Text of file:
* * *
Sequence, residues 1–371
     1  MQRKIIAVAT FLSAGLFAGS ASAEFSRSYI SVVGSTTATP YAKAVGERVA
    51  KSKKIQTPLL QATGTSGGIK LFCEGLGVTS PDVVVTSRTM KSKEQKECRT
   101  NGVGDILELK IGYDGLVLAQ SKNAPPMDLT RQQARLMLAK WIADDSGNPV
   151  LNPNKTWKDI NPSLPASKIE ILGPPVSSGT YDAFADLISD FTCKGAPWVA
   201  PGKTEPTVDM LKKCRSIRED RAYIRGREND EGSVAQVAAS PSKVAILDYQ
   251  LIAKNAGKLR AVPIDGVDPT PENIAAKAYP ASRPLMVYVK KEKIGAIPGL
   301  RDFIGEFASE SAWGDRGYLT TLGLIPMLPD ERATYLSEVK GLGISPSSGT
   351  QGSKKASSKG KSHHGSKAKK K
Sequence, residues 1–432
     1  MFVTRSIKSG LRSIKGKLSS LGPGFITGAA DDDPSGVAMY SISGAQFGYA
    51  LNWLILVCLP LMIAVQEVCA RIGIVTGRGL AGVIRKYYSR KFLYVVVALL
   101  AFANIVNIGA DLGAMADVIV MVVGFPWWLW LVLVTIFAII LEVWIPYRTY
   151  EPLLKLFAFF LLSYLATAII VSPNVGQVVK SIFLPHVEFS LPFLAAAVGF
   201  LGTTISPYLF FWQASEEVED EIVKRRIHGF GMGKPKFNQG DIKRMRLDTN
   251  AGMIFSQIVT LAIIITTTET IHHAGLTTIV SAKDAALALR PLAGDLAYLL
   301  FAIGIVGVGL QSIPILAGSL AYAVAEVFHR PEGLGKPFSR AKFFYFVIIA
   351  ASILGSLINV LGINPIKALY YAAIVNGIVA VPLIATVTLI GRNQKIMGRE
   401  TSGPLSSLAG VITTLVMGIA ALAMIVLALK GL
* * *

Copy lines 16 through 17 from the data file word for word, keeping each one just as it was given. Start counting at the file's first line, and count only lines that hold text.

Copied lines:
   251  AGMIFSQIVT LAIIITTTET IHHAGLTTIV SAKDAALALR PLAGDLAYLL
   301  FAIGIVGVGL QSIPILAGSL AYAVAEVFHR PEGLGKPFSR AKFFYFVIIA